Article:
To say the least, Fr. Tomasso’s letter of March 22, 2009, printed in his bulletin and distributed to other parishes throughout the Finger Lakes area was FALSE, MISLEADING, MALICIOUS AND DEFAMATORY. The faithful members of the St. John Bosco Chapel rebut these outrageous statements by referring to applicable Canon Law (all Canon Law references are to the 1983 Code - unless otherwise noted, which was promulgated, ironically, to facilitate the ministration of the sacraments).

I. Once A Priest, Always A Priest

Fr. Tomasso stated that Fr. Richard Voigt was dismissed by the Salesians. We respond to this statement by referring you to canons 1321 and 1323 §4: A perpetually professed religious priest has the right to due process of law. In fact, Fr. Voigt never received a canon lawyer nor due process (though requested). No infraction ever occurred, no trial ever took place and so his dismissal is canonically invalid. This action was illegal; therefore, Father Voigt is and remains an active Salesian. The Salesian Provincial began an illegal process to eliminate Father because of his justified desire to retain the divine right to offer the mass of all ages. The fact is that he would return in a heartbeat given the right to offer the traditional Gregorian Mass. Fr. Voigt has been faithful to his rule, faithful to his mission and faithful to the tradition of the Church.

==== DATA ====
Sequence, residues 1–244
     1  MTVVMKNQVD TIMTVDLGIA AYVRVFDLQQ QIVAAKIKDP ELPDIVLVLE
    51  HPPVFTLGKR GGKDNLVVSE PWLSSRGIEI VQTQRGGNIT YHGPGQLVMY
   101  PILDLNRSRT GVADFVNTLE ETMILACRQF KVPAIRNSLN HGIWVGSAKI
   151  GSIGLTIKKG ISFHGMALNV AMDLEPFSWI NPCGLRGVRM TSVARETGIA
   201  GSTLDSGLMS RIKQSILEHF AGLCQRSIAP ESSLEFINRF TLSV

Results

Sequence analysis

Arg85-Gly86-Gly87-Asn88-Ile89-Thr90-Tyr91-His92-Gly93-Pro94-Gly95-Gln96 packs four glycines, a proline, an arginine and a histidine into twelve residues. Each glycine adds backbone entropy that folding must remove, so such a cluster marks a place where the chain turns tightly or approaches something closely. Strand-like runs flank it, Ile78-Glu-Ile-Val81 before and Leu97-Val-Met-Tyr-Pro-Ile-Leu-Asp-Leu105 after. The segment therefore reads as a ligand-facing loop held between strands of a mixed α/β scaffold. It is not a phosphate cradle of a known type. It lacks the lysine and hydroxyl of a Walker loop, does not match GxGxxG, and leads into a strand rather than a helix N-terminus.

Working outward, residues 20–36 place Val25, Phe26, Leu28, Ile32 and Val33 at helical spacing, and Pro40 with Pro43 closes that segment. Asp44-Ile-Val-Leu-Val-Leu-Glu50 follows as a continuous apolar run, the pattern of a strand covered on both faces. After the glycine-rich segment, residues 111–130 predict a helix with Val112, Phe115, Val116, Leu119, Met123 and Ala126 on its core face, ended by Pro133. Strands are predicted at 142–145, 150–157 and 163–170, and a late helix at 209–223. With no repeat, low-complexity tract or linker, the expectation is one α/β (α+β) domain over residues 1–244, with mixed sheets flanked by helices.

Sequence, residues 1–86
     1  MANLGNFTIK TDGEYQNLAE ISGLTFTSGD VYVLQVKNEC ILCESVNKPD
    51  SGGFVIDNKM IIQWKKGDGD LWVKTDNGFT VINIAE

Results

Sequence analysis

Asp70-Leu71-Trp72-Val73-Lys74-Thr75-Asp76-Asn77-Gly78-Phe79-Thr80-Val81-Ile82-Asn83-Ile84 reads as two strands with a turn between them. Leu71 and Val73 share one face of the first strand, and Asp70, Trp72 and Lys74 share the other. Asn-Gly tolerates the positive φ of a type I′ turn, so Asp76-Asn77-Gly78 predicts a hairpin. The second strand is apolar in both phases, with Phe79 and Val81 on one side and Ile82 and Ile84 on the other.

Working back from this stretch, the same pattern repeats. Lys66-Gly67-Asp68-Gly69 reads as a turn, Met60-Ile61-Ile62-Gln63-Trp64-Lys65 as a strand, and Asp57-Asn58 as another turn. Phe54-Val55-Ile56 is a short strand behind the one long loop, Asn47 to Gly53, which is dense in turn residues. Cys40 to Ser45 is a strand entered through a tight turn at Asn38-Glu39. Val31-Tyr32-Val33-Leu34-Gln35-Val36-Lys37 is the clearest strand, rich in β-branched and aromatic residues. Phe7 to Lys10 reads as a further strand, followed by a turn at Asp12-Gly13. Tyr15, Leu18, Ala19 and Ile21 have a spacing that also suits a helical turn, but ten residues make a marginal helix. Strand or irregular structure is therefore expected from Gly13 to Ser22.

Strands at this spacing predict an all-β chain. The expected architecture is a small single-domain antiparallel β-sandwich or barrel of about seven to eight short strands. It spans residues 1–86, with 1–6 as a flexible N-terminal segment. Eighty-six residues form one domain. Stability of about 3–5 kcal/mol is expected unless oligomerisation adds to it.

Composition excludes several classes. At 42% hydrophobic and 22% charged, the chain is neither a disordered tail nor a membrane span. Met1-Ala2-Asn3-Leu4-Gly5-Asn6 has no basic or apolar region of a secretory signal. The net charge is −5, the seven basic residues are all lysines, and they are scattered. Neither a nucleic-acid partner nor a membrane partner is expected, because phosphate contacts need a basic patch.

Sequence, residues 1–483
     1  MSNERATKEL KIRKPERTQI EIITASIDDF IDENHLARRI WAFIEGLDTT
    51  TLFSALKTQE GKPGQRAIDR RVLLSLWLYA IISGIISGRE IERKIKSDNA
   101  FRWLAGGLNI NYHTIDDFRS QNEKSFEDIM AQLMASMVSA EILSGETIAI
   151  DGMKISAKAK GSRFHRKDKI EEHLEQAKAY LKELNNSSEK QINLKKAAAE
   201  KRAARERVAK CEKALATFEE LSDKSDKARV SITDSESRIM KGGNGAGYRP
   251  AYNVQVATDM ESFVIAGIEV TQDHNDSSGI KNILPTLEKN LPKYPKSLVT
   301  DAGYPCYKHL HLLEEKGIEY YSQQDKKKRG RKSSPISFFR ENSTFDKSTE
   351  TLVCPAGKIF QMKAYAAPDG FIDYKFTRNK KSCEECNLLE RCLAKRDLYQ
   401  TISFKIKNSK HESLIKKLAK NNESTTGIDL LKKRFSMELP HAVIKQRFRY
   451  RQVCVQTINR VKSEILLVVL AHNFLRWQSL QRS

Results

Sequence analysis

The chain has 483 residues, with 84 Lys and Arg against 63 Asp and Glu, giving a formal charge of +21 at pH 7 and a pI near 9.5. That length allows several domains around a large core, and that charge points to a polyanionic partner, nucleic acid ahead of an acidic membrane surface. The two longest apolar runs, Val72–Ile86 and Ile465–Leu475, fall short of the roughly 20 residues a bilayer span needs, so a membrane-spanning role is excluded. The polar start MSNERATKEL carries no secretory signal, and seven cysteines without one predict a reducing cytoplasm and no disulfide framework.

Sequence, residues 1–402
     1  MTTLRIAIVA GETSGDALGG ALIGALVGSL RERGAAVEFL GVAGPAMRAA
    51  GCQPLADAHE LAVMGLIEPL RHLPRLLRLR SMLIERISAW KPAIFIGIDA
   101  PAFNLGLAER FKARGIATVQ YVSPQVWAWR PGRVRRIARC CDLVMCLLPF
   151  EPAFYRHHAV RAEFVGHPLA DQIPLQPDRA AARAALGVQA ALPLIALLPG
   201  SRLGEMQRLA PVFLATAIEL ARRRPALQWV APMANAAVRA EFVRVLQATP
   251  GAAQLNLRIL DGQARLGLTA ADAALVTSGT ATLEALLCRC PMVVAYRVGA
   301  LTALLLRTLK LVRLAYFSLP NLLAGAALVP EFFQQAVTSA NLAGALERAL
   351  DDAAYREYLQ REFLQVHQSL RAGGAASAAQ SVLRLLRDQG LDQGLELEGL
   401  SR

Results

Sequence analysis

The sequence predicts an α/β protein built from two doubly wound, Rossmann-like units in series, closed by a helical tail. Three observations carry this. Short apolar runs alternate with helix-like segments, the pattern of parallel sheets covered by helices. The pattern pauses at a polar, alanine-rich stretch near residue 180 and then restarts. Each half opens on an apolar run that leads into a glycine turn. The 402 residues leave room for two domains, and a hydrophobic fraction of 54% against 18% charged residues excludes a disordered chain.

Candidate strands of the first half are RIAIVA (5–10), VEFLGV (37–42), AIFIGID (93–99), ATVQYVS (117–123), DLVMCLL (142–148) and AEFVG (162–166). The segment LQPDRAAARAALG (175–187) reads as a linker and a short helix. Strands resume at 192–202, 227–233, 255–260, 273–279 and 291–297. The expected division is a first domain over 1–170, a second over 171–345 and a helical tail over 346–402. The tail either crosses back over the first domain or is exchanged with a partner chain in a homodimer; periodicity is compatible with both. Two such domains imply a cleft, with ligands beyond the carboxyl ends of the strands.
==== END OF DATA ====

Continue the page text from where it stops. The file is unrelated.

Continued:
II. The Question of Faculties

Fr. Tomasso stated that Fr. Voigt must have faculties in order to administer valid sacraments and we agree. He further stated that there are two ways to acquire these faculties and we agree. One is through the local Bishop. The other is through canon 966 which Fr. Tomasso chose not to elaborate on; so we will. Canon 966 §2 states “a priest may receive faculties through the local competent authority or through THE LAW ITSELF.” In support of Canon 966, Canon law 844 §2 states: “Whenever necessity requires...it is the law of the faithful for whom it is physically or morally impossible to approach a Catholic minister, to receive the sacraments of penance, Eucharist and anointing of the sick from non-Catholic ministers, in whose churches these sacraments are valid.” It is not the code that makes the sacraments lawful but the necessity itself makes them lawful and valid, and this is simply acknowledged by the code. No special faculty is needed on the part of a non-Catholic priest. If a Catholic priest is available, to whom it is physically and morally possible for the faithful to approach, such a one is to be preferred. Due to the necessity the priest possesses the necessary faculties in order to administer the sacraments that the canon acknowledges he may lawfully administer. This is so because, wherever true necessity exists. Divine Law necessarily concedes the faculty, since it is impossible for our God of infinite justice to deny what is just.